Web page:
# A positive integer is equal to the sum of digits of a multiple of itself.

Let $n$ be a positive integer, prove there is a positive integer $k$ so that $n$ is equal to the sum of digits of $nk$.

I'm not really sure how I should approach this problem, I tried to do a constructive approach but I got lost.

I tried just proving existence but that didn't work either.

I'm sorry if this doesn't look like a put work into it but I feel like nothing I have done is going to yield any results. So I hope you guys can solve this problem.

Thank you very much in advance, regards.

• Did you try proof by contradiction? – Arjun Dhiman Jul 14 '15 at 12:24
• just for fun, here are the first k for every number unto 50: link – john Jul 14 '15 at 12:43
• @zero I tried to find something but I can't see hoe to reach a contradiction. – Jorge Fernández Hidalgo Jul 14 '15 at 13:29
• See also OEIS A$180011$. – Lucian Jul 14 '15 at 13:36
• I think that's different Lucian. In your source we want $kn$ to have the same digit sum as $n$. In the question we want the sum of digits of $kn$ to be $n$. – Jorge Fernández Hidalgo Jul 14 '15 at 13:40

## 2 Answers

There is a simple way to answer this sort of question. And there is a related type of number called Niven numbers.

A Niven number is a number, $N$, for which its sum of digits divides $N$. What you are trying to prove is that every integer is the sum of digits of a Niven number.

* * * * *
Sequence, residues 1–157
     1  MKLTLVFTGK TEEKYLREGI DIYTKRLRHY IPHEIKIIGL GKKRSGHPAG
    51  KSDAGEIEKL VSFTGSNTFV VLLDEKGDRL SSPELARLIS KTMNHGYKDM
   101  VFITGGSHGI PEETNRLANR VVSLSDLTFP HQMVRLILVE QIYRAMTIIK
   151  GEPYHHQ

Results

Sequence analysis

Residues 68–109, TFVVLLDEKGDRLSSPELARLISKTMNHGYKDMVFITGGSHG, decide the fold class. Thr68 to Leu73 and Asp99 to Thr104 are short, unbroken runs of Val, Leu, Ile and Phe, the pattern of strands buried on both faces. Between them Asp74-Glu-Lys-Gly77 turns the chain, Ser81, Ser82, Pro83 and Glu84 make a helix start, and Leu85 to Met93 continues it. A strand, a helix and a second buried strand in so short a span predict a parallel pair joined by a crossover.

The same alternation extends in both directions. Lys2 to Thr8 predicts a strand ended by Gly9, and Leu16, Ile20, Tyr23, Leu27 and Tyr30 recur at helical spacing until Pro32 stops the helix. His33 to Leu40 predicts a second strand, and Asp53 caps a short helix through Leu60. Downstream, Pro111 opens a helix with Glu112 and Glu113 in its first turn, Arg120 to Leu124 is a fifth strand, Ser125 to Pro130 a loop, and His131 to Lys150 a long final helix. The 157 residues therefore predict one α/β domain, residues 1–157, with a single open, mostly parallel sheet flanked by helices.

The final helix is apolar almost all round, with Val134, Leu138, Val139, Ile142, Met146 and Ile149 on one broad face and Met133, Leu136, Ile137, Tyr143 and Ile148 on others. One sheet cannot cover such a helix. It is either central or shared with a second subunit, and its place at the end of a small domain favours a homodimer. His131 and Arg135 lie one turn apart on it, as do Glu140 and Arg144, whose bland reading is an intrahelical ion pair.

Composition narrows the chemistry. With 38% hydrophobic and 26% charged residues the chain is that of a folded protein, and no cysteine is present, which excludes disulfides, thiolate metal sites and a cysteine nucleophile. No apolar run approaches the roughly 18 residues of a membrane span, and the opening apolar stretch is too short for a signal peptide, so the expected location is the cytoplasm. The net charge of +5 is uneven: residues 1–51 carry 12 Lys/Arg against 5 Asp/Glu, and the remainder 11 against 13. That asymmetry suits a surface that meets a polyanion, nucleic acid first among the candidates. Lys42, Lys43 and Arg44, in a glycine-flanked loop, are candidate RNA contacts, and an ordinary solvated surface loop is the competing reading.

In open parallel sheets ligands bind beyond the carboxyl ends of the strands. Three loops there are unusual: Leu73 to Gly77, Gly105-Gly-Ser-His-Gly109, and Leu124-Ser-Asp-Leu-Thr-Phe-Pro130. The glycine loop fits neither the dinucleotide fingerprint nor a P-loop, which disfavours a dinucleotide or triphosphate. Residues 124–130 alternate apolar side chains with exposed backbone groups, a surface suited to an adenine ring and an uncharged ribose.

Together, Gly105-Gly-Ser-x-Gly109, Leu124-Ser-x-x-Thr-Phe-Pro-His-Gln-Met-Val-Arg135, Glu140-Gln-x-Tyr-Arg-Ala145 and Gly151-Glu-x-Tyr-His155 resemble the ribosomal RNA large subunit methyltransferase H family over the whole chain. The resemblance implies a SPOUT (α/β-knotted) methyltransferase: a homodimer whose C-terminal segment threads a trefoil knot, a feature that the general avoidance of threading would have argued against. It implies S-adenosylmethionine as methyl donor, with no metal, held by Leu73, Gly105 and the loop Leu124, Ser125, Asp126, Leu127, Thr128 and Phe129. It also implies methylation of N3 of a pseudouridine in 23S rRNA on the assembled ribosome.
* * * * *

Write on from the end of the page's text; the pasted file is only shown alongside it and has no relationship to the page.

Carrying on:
Here is how we can go about it. Every number can be written in the form: $$N = b_k 10^k + b_{k-1} 10^{k-1} + \cdots + b_0 10^0$$ for some $k$ and $0 \le b_i \le 9$.

Since $10^i$ can take at most $n$ values modulo $n$, we have $10^{i + j} = 10^i$ for some $j$ and all $i$. In other words the function $f(i) = 10^i$ has period $j$ modulo $n$.

Thus if we consider $N = 10^{nj} + 10^{(n-1)j} + \cdots + 10^{j}$ we have $$N \equiv 10^{nj} + 10^{(n-1)j} + \cdots + 10^{j} \equiv (\underbrace{1+1+\cdots+1}_{n \text{ times}})10^{j} \equiv n10^{j} \equiv 0 \mod n.$$

Ivan Niven introduced Niven numbers as a possible avenue of research accessible to undergraduates. His paper appeared in a journal for undergraduate education. These numbers also go under the name of Harshad numbers, but I believe Niven numbers are more common. The Wiki page for "Harshad" numbers contains many references to papers concerning Niven numbers.

• I see that you came to a similar conclusion in your answer to your own question. There are a lot of open questions in this field. For instance it has not yet been determined if there are an infinite number of integers that are Niven numbers in both base 2 and base 3. – Joel Jul 15 '15 at 13:59

I got it, I was trying to find a multiple of $n$ that has sum of digits $n$. What we have to do is find a number that has sum of digits $n$ that is a multiple of $n$.

In other words, which numbers have sum of digits $n$? A particular kind of such numbers are the ones that have $n$ ones, and no other digits.

We can build such a number that is multiple of $n$. Write $n$ as $2^a5^bj$ with $(j,10)=1$.

Then $10^{k\varphi(j)}$ is congruent to $1\bmod j$ via Euler, and if $k$ is large enough then $10^{k\varphi(j)}$ is a multiple of $2^a5^b$.

Such just take $n$ numbers of the aforementioned form, add them and you get a number with sum of digits $n$ that is congruent to $n=0\bmod j$ and is a multiple of $2^a5^b$. In other words a multiple of $n$ with sum of digits $n$, as desired.

• "Such just take n numbers of the aforementioned form, add them" can you give an example? – Rehaan Ahmad May 6 '17 at 19:03